Q 1 m a x = f c   ×   T p .  
According to NFC forum standard ISO 14443, the quality factor is limited to 40 (35 considering design tolerances) at 106 kbit/s bit-rate transfers [31]. For applications that use NFC IP2–ISO 21481 with the authorized use of ISO 15693 and NFC–V targets, whatever the bit rate, the shortest time present in the uplink communication protocol is a “pause” lasting Tp = 9.44 μs. In this case, Q1max = 128, which generally can be reduced to Q1max usable = 100 assuming design tolerances. Generally, these values of Q1max usable are not difficult to obtain and are easy to reduce using serial resistors.

2.1.2. Reverse Link

The green line in Figure 2 shows the magnitude of the frequency response for a low Q reader, while the blue line shows the magnitude for a high Q reader. We can see that, as the Q factor increases, bandwidth decreases and attenuation increases at the subcarrier frequencies. The return signal, therefore, becomes smaller due to increased attenuation. In this case, the return signal power (Pb) is smaller than the reader sensitivity (Smin,reader) and the reader cannot decode the load modulation. This condition in the reverse link can be mathematically expressed as
  P b s = P m G T ( f s u b ) > S m i n , r e a d e r ,  
where GT(fsub) is the system transducer gain at the subcarrier frequency, and Pm is the modulating power (Pm = m2/4Pd), which depends on the modulating factor, m. Typically, reader sensitivity is 110 dB below the level of the transmitter carrier signal (Smin,reader = −110 dBc) [1].
The read range can be limited by the forward link (Equation (1)) or by the reverse link (Equation (4)). In both cases, transducer gain is a function of the coupling coefficient between the two antennas, k. The coupling depends on the design, shape, area, materials, and distance of the antenna. The reader design may be different for different mobile devices. Differences in the read range are, therefore, expected depending on the coupling of each reader. The loaded quality factor of the tag is also not constant because the input impedance of the IC is nonlinear. For short distances, the IC receives high power and decreases load resistance and quality factor. The quality factor of the tag antenna is, therefore, not adjusted with external resistors, because it depends on the distance, which also simplifies the tag.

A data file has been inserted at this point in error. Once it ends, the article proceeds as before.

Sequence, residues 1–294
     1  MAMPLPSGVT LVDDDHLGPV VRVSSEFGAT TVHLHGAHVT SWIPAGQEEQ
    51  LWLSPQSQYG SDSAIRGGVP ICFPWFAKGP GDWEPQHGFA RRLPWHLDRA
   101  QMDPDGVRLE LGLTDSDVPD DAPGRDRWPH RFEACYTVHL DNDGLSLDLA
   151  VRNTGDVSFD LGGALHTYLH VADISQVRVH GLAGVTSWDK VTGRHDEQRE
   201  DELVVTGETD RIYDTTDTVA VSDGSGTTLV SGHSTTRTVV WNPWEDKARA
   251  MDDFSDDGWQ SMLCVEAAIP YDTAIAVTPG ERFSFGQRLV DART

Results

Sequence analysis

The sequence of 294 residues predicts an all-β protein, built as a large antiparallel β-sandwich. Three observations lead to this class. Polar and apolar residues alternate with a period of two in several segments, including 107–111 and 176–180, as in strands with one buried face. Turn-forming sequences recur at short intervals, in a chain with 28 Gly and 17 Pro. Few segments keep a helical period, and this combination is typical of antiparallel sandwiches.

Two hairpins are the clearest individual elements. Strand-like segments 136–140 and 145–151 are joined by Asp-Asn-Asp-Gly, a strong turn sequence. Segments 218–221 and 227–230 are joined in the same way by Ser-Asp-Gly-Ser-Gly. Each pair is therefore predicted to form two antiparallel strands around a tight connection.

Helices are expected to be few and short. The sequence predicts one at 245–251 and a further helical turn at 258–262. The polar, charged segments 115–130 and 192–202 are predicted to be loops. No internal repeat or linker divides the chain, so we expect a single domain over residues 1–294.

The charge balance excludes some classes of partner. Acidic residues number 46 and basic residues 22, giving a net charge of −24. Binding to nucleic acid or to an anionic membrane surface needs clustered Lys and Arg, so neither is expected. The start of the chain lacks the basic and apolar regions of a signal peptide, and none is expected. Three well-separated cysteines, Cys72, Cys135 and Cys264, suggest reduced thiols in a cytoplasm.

2.2. Tag Antenna Design Considerations

In order not to decrease the voltage that reaches the IC, a matching network is not used in the tag (as it is in the reader) that will introduce a voltage divider. Several studies [32,33] demonstrated that, for example, introducing a series capacitance for matching increases the backscattering modulated level but reduces the energy that reaches the IC. The tag design, therefore, consists of the design of the antenna and the adjustment of the tag resonance frequency with no matching network. From a system perspective, the analog RF performance of a batteryless transponder can be considered using a simplified equivalent circuit (shown in Figure 3b), where the IC chip is modeled as a parallel connection of a resistance (RIC) and chip capacitances (CIC). The tag’s resonance frequency must be tuned to the central frequency of operation or slightly shifted to a higher frequency to avoid detuning caused by the presence of metallic materials or the reader’s own loop. The tag’s resonance frequency is approximately calculated using Equation (5).
  f r = 1 2 π R I C + R a L a ( C I C + C p + C t u n i n g ) R I C 1 2 π L a ( C I C + C p + C t u n i n g ) ,  
where La is the tag’s antenna inductance, CIC is the internal IC capacitance, Cp is the layout parasitic capacitance (which includes the antenna capacitance and the parasitic capacitance due to the interconnections), and Ctuning is the capacitor used to adjust the resonance frequency to the operation frequency fc (13.56 MHz).
The antenna inductance, La, can be calculated from compact analytical formulas [34], from numerical methods [35], or using full-wave electromagnetic simulators.
The antenna losses are the result of conductor DC resistance, and the alternating current (AC) losses are due to the skin effect. Depending on the substrate material, additional (e.g., dielectric) losses may also be significant. Parasitic capacitance for planar loop coils is a function of the conductor area, the gap between turns, the dielectric substrate, and permittivity. This can generally be extracted from the antenna’s resonance frequency. The losses in the dielectric are modeled with a resistance in parallel with the capacitor, Rpa. This resistance can be neglected in antennas printed on low-loss substrates or in the air.